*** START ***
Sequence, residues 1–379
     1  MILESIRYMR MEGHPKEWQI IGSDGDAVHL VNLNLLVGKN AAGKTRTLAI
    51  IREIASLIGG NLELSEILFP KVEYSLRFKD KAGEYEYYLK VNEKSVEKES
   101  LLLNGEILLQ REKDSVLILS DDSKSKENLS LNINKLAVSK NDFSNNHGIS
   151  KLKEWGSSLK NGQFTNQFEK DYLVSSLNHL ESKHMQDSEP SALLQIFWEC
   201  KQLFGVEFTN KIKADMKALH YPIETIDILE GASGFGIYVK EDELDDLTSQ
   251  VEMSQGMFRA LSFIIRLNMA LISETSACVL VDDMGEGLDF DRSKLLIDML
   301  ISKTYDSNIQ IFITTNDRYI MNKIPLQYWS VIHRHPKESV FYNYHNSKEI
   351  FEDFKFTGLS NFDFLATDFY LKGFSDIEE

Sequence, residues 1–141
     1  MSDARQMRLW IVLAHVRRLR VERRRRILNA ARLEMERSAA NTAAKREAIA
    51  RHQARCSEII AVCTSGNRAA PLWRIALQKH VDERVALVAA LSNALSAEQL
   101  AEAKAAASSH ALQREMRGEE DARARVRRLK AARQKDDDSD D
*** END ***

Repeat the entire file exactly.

Sequence, residues 1–379
     1  MILESIRYMR MEGHPKEWQI IGSDGDAVHL VNLNLLVGKN AAGKTRTLAI
    51  IREIASLIGG NLELSEILFP KVEYSLRFKD KAGEYEYYLK VNEKSVEKES
   101  LLLNGEILLQ REKDSVLILS DDSKSKENLS LNINKLAVSK NDFSNNHGIS
   151  KLKEWGSSLK NGQFTNQFEK DYLVSSLNHL ESKHMQDSEP SALLQIFWEC
   201  KQLFGVEFTN KIKADMKALH YPIETIDILE GASGFGIYVK EDELDDLTSQ
   251  VEMSQGMFRA LSFIIRLNMA LISETSACVL VDDMGEGLDF DRSKLLIDML
   301  ISKTYDSNIQ IFITTNDRYI MNKIPLQYWS VIHRHPKESV FYNYHNSKEI
   351  FEDFKFTGLS NFDFLATDFY LKGFSDIEE

Sequence, residues 1–141
     1  MSDARQMRLW IVLAHVRRLR VERRRRILNA ARLEMERSAA NTAAKREAIA
    51  RHQARCSEII AVCTSGNRAA PLWRIALQKH VDERVALVAA LSNALSAEQL
   101  AEAKAAASSH ALQREMRGEE DARARVRRLK AARQKDDDSD D